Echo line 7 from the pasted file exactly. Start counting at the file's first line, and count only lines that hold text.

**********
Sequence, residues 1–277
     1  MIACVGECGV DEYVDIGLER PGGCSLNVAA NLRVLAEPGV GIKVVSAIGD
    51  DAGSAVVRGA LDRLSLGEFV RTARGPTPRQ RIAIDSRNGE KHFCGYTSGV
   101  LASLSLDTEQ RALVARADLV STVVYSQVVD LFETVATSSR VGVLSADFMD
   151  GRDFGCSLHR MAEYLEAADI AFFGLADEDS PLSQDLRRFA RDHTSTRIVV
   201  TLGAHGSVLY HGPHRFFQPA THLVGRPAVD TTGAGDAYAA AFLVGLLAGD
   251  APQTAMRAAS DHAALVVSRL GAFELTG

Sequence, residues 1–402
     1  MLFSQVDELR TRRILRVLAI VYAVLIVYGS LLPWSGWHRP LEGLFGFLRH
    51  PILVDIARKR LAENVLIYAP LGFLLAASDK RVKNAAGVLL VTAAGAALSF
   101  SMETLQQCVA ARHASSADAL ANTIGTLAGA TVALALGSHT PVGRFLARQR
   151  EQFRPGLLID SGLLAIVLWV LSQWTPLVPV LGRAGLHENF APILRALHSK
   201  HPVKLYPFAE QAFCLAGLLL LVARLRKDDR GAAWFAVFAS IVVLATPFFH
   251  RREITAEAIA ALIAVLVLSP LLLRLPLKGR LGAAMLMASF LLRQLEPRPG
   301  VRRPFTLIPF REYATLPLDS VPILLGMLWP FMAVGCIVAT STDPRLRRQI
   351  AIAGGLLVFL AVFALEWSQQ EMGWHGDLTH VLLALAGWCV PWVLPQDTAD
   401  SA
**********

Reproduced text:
   251  APQTAMRAAS DHAALVVSRL GAFELTG